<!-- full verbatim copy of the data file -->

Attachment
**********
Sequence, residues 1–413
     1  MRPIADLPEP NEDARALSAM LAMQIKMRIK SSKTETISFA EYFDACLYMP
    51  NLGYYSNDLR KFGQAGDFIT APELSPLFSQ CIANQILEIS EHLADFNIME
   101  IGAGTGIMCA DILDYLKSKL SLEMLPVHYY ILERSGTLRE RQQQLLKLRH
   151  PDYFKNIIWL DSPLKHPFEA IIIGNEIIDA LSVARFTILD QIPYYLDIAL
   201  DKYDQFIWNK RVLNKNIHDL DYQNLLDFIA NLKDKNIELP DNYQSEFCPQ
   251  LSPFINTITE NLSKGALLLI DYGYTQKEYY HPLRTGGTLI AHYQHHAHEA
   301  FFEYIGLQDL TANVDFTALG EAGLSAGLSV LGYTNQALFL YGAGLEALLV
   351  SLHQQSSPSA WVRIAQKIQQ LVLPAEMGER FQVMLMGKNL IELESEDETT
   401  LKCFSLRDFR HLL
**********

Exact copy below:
Sequence, residues 1–413
     1  MRPIADLPEP NEDARALSAM LAMQIKMRIK SSKTETISFA EYFDACLYMP
    51  NLGYYSNDLR KFGQAGDFIT APELSPLFSQ CIANQILEIS EHLADFNIME
   101  IGAGTGIMCA DILDYLKSKL SLEMLPVHYY ILERSGTLRE RQQQLLKLRH
   151  PDYFKNIIWL DSPLKHPFEA IIIGNEIIDA LSVARFTILD QIPYYLDIAL
   201  DKYDQFIWNK RVLNKNIHDL DYQNLLDFIA NLKDKNIELP DNYQSEFCPQ
   251  LSPFINTITE NLSKGALLLI DYGYTQKEYY HPLRTGGTLI AHYQHHAHEA
   301  FFEYIGLQDL TANVDFTALG EAGLSAGLSV LGYTNQALFL YGAGLEALLV
   351  SLHQQSSPSA WVRIAQKIQQ LVLPAEMGER FQVMLMGKNL IELESEDETT
   401  LKCFSLRDFR HLL